RIO COMMUNITIES — Applause and cheers from Rio Communities residents erupted last Thursday when they heard what they’ve been wanting for the last couple of months.
The Rio Communities Planning and Zoning Commission unanimously voted to recommend city councilors deny two zone change requests from Cibola Land Corporation.
Cibola Land Corporation is requesting to rezone hundreds of acres of residential property on the south side of town to Commercial 3 and Industrial 3. The company, which is owned by Harvey Yates Jr., a New Mexico oil and gas developer, has requested, through its vice president Harvey Yates III, a rezone of 262 acres to Industrial 3 and 37.78 acres to Commercial 3.
The P&Z commissioners made their decision on both requests after two public hearings held on Jan. 19 and Feb. 16, and after deliberating for nearly a hour and a half in closed executive session on March 2.
While no one on the commission gave a reason for recommending denial, Rio Communities P&Z Chairman Thomas Scroggins did say he would draft a letter to the city council.
Commissioner Scott Adair thanked the residents for showing up, but asked they show the same support when the city asks for volunteers.
Commissioner Chad Good also thanked the residents for their input.
“It impacted where we went,” Good said of the commission’s vote. “We have clean up days, please come.”
Commissioner Melodie Good reminded the audience that it was a process, and this was how democracy plays out.
“When someone brings something to us, we’re obligated to do what we did,” Melodie Good said. “Sometimes it felt like we were on a firing squad. If you can’t stand the heat, stay out of the kitchen, right?”
Rio Communities City Manager Marty Moore informed the commission he has been directed by the city council to review the city’s zoning ordinance. He also invited a couple commissioners to help with looking at the development standards and permitted uses in the Commercial 3 and Industrial 1-3 zoning.
During the public comment section of the meeting, several residents spoke, thanking the commission for their vote.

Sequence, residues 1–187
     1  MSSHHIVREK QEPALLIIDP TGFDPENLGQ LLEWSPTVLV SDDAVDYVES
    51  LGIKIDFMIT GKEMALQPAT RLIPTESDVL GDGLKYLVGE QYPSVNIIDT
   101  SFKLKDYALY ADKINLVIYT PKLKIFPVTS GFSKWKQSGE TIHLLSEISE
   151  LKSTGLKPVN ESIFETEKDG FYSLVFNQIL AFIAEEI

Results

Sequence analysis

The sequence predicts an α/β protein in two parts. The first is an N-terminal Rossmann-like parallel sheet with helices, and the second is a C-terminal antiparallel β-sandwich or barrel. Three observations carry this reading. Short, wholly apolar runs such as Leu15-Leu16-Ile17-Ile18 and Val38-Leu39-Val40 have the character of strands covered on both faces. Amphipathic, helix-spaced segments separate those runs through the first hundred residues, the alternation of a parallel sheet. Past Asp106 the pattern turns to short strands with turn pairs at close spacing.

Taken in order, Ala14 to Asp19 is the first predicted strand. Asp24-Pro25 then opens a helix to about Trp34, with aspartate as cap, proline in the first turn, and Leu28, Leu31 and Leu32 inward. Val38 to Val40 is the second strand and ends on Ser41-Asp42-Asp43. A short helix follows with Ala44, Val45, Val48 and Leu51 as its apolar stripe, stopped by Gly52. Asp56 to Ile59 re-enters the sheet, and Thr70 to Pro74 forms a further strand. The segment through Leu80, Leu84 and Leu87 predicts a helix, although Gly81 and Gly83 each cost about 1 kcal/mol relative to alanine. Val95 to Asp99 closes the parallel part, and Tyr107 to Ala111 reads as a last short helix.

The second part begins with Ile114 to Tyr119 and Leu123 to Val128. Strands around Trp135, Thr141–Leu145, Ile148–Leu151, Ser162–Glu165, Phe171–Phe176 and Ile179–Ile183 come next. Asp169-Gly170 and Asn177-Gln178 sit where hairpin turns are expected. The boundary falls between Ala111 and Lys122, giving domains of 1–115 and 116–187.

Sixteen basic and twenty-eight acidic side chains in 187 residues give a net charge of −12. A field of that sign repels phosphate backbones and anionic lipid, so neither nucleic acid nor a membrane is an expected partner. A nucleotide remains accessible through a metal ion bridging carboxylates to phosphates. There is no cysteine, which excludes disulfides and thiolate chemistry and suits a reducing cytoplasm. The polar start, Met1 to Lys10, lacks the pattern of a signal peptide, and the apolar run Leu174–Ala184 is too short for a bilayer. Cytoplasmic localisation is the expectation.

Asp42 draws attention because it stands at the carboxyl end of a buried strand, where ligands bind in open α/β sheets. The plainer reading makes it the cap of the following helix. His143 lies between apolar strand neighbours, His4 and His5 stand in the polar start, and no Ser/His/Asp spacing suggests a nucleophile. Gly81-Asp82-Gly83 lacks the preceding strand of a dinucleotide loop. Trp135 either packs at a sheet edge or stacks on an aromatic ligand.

“I know it was a hard decision,” said resident Loedi Silva. “You’ve put in many hours, and I’m sure had a lot of sleepless nights like all of us.
“We realize it doesn’t stop here; it goes to the city council. We hope they follow your lead and, at the very least, ask for environmental impact studies to help protect our community.”
Kathy Gurule also thanked the commission for making her decision to move to Rio Communities last year not regrettable.
“I thank you for listening to the voices of the people … who are in the community, who are your neighbors,” Gurule said.
“I want to say thank you guys for saying no,” said Rio Communities resident Matthew Marquez. “It’s not over. It’s just the beginning. Now we have to go before the city council … I just want to make sure everyone knows that the community wasn’t against you guys. We were against what was going to be put over there.
“We brought a lot of frustration to you guys, you guys are a part of us, and we hope you stay behind us as we fight this billion dollar company that wants to come in and take over our lives.”
During the two public hearings, dozens of Rio Communities residents testified about the potential negative impacts heavy commercial and industrial zoning could have on the area, including pollution, a decrease in quality of life, declining property values and more.
At the second public hearing last month, Yates III said residents raised “accurate concerns” about the proposed 50-feet buffer zone between the Cibola property and residential lots, and said the company was willing to increase the buffer to 300 feet.
He said the company doesn’t own the mineral rights on the property and promised they will not drill wells. Yates continued, saying he was willing to put in writing the company wouldn’t drill for or store oil and gas on the property.
The Cibola zone change request — like all zoning requests — will go to the Rio Communities City Council for a final decision. The council will hold its own public hearing on the application during which members of the public can again weigh in with concerns and testimony.
(Editor’s Note: Assistant editor Julia M. Dendinger contributed to this report.)